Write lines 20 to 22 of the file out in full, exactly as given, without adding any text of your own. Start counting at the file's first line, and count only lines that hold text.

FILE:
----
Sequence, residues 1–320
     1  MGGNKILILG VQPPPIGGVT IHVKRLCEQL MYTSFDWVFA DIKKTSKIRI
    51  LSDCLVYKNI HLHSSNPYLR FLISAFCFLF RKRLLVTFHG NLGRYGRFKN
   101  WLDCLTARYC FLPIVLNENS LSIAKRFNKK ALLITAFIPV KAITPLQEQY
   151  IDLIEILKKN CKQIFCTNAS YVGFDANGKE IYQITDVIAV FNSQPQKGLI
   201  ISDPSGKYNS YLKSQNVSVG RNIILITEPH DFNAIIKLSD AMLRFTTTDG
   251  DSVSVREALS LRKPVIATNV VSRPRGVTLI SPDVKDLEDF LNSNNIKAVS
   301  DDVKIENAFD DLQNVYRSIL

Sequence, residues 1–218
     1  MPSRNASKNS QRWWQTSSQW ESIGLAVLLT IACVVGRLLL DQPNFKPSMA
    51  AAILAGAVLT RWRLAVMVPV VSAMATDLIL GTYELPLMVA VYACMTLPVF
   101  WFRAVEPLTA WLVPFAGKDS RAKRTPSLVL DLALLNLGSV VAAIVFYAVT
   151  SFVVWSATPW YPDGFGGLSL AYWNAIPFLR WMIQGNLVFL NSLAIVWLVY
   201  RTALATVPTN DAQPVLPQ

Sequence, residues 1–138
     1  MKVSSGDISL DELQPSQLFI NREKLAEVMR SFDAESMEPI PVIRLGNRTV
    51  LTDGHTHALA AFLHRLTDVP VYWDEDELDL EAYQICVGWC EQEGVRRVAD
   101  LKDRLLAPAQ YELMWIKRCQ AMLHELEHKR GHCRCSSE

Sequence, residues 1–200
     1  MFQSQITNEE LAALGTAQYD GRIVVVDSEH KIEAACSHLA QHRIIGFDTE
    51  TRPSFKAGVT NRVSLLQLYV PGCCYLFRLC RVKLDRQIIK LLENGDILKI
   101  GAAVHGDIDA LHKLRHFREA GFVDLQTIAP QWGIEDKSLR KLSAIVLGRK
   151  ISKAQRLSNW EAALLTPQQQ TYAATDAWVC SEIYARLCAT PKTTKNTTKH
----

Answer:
     1  MFQSQITNEE LAALGTAQYD GRIVVVDSEH KIEAACSHLA QHRIIGFDTE
    51  TRPSFKAGVT NRVSLLQLYV PGCCYLFRLC RVKLDRQIIK LLENGDILKI
   101  GAAVHGDIDA LHKLRHFREA GFVDLQTIAP QWGIEDKSLR KLSAIVLGRK